Social Indicators for Fishing Communities

NOAA Fisheries developed social indicators to characterize community well-being for coastal communities engaged in fishing activities.

Credit Amber Himes Cornell (Location Petersburg).jpg

Boats in a harbor in Petersburg, Alaska (Photo credit: Amber Himes-Cornell)

Social indicators are numerical measures that describe and evaluate the social, economic, and psychological well-being of individuals or communities. They were developed to characterize community well-being for coastal communities engaged in fishing activities. Social indicators comprise one variable or several components combined into an index.

NOAA Fisheries Social Indicators Toolbox is comprised of a suite of social, economic, and environmental indicators that describe and evaluate a community’s ability to respond to change. In addition, the Toolbox includes several metrics that reflect the relative level of each community’s involvement in commercial and recreational fishing, placing fisheries dependence into a human context. The indicator map and graphing tool enables users to conduct and download custom queries for over 4,600 coastal communities in 23 states. Explore the indicator map and graphing tool.

Why Use Social Indicators?

It is broadly recognized that social vulnerability and resilience influence a community’s ability to respond and adapt to change. Fishing communities can face considerable uncertainty from unanticipated fluctuations in harvest, which directly affect fishermen’s household income. Changes in regulations may also affect fishing households and communities. Further, fishing communities, like all coastal communities, increasingly face threats from severe storms, flooding, and, more long term, sea level rise. Over time, all of these factors may affect the social vulnerability and resilience of a community.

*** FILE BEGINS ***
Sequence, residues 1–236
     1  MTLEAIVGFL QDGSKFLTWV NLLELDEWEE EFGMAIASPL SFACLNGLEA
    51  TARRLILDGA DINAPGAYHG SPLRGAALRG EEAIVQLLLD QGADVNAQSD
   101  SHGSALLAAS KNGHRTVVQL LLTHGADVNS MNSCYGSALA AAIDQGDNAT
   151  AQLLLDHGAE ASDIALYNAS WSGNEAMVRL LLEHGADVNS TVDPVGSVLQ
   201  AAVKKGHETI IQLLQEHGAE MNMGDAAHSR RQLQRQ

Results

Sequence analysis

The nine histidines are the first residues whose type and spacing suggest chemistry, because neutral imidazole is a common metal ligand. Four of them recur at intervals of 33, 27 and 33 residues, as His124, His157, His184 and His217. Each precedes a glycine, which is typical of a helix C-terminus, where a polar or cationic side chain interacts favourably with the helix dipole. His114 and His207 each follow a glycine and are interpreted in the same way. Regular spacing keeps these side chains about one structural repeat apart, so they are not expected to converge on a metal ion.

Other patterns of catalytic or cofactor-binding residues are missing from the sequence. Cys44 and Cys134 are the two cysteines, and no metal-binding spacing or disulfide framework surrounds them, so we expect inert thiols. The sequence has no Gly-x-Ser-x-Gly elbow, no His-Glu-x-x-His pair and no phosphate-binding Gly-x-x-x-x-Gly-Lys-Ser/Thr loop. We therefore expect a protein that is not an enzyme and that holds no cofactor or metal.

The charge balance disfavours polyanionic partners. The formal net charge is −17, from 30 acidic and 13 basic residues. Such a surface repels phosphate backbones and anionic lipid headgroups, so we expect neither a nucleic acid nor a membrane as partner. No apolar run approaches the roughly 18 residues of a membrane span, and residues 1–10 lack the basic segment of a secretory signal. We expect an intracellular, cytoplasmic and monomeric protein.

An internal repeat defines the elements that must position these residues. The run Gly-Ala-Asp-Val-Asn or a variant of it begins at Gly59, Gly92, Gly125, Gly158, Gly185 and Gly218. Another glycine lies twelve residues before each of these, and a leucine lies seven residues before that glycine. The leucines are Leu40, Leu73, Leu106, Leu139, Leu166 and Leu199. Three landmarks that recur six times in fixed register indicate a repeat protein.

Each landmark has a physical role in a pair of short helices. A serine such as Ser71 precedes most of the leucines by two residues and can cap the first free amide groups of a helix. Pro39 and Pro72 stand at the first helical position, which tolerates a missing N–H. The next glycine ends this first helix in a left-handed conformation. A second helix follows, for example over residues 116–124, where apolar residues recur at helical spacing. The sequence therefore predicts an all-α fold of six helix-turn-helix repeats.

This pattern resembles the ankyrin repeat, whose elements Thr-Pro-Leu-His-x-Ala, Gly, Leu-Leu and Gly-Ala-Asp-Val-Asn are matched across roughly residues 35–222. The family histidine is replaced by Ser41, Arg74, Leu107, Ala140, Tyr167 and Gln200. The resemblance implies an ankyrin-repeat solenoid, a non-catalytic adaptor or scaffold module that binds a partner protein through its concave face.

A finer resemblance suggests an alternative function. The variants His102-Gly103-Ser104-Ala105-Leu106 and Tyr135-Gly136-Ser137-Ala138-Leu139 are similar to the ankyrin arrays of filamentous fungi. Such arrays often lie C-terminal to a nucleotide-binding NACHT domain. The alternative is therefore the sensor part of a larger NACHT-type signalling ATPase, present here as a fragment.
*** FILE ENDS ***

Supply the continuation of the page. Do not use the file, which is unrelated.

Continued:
Are Fishing Communities More Vulnerable than Other Coastal Communities?

NOAA Fisheries Social Indicators highlight the relationship between people and the environment and the importance of that connection. In addition, our research demonstrates that these indicators are an important tool for Ecosystem Based Fisheries Management. For example, as shown below, communities that are dependent on commercial fishing can be more socially vulnerable than other communities, underscoring the need to determine which communities may be affected by changing management and environmental conditions.


Social Vulnerability in Commercial Fishing Communities


Last updated by Office of Science and Technology on November 08, 2019